Two Manhattan jail guards who were on duty the night Jeffrey Epstein killed himself admitted to falsifying records but would avoid prison under an agreement with U.S. prosecutors to resolve criminal charges.
Tova Noel and Michael Thomas had been accused of falling asleep and surfing the internet when they should have been monitoring Epstein on Aug. 10, 2019, when the financier and registered sex offender was found hanging in his cell at the Metropolitan Correctional Center in downtown Manhattan.
Under a deferred prosecution agreement disclosed late on Friday, Noel and Thomas admitted to having "willfully and knowingly" filled out documents claiming they had conducted regular checks in the housing unit where Epstein was being held.
Both would serve six months of supervised release, complete 100 hours of community service, and cooperate with a probe by the U.S. Department of Justice's inspector general, including the circumstances surrounding Epstein's death.
Prosecutors said "the interests of justice will be best served" by the agreement, which requires a judge's approval, perhaps as soon as May 25.
Lawyers for Noel and Thomas did not immediately respond on Saturday to requests for comment. Both defendants were charged in November 2019 and have been free on bail.
Epstein's death at age 66 was called a suicide by New York City's top medical examiner.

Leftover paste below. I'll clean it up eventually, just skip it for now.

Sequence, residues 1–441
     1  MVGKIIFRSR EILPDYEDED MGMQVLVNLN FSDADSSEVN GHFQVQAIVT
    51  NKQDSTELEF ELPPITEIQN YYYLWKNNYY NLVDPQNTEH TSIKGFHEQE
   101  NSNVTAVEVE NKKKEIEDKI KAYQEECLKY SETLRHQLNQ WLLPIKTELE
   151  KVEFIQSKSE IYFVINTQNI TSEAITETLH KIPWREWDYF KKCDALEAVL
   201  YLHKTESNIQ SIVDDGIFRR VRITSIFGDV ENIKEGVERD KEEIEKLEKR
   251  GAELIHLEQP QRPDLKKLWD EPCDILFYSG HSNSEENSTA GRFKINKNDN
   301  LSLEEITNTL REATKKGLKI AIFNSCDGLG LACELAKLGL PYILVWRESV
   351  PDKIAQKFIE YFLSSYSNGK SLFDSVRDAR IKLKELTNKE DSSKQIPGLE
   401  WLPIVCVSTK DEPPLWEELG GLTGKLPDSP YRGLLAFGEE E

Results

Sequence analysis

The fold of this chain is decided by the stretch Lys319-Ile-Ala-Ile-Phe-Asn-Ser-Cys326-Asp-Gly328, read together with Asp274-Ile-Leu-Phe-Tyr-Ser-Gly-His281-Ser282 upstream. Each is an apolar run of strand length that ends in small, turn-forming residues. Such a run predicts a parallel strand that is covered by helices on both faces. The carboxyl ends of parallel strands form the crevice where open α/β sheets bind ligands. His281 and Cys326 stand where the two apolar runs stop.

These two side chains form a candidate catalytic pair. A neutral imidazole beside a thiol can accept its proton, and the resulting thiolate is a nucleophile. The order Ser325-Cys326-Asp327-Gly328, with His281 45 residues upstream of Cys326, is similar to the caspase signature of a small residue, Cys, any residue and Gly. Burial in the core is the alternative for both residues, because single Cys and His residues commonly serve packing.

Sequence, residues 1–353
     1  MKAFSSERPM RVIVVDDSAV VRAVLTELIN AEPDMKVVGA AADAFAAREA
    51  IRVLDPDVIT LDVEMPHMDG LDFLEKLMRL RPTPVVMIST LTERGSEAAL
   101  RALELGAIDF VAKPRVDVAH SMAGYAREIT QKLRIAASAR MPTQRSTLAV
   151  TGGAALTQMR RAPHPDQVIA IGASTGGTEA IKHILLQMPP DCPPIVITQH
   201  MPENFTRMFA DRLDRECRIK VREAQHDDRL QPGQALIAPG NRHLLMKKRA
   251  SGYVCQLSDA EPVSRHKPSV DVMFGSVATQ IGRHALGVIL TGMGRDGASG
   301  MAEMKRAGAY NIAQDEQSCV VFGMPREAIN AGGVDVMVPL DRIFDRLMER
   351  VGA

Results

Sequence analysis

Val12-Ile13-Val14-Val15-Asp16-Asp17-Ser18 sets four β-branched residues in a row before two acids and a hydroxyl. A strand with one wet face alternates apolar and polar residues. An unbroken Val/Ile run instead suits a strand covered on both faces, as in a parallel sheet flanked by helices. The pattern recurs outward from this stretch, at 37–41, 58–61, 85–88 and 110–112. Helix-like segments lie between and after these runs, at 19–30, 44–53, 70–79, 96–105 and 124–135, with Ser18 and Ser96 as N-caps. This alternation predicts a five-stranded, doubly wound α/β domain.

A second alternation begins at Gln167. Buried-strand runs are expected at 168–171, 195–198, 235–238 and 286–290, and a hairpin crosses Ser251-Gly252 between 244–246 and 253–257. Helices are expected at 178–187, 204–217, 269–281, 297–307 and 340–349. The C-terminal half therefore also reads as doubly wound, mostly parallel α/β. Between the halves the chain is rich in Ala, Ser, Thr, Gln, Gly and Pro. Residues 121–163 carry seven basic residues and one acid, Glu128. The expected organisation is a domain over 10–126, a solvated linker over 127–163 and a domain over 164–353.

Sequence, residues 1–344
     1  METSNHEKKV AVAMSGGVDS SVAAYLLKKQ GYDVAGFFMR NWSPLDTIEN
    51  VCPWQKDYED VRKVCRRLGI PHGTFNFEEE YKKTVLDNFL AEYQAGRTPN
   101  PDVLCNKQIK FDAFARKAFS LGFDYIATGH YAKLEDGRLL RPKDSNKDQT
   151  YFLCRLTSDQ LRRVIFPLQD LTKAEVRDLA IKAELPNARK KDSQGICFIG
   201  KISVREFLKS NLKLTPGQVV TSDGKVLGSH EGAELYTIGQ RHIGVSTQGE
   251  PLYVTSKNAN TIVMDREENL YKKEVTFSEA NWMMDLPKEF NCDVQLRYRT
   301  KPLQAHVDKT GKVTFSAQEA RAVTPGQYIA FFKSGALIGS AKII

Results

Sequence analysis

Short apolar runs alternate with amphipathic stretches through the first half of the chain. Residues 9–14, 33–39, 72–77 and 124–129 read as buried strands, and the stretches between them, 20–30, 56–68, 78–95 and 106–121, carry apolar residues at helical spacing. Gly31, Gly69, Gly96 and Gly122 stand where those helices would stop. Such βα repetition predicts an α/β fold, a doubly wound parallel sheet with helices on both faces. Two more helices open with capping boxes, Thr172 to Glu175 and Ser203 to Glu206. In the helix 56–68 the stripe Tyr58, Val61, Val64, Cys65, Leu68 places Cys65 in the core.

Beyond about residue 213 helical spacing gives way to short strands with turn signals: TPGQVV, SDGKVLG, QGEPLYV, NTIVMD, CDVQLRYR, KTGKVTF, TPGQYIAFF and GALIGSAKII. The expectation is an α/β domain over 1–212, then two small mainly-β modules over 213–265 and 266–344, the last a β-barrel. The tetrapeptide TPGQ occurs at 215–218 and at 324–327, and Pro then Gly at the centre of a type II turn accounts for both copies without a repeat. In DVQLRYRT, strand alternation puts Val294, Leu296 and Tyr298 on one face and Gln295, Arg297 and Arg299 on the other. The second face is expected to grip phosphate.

It angered then-Attorney General William Barr, and prompted a management overhaul at the Manhattan jail.
Prosecutors have said that during Epstein's final hours, Noel shopped online for furniture, Thomas looked up sports news and motorcycle sales, and both appeared to have taken naps.
Senator Ben Sasse, a Nebraska Republican on the Senate Judiciary Committee and critic of the government's handling of the Epstein case, said the public deserves an accounting of the Federal Bureau of Prisons' failures.
"Epstein's victims have been failed at every single turn," Sasse said in a statement. "One hundred hours of community service is a joke--this isn't traffic court."
Prior to his death, Epstein had pleaded not guilty to sex trafficking charges.
The British socialite Ghislaine Maxwell, a longtime Epstein associate, has pleaded not guilty to sex trafficking and other charges that she procured underage girls for Epstein to sexually abuse.
Her trial is slated to begin in November. Maxwell's lawyers have complained that guards in her Brooklyn jail regularly shine flashlights into her cell at night, ostensibly to ensure her safety. The lawyers have said Maxwell is not a suicide risk and wants her day in court.
The case is U.S. v. Noel et al, U.S. District Court, Southern District of New York, No. 19-cr-00830.
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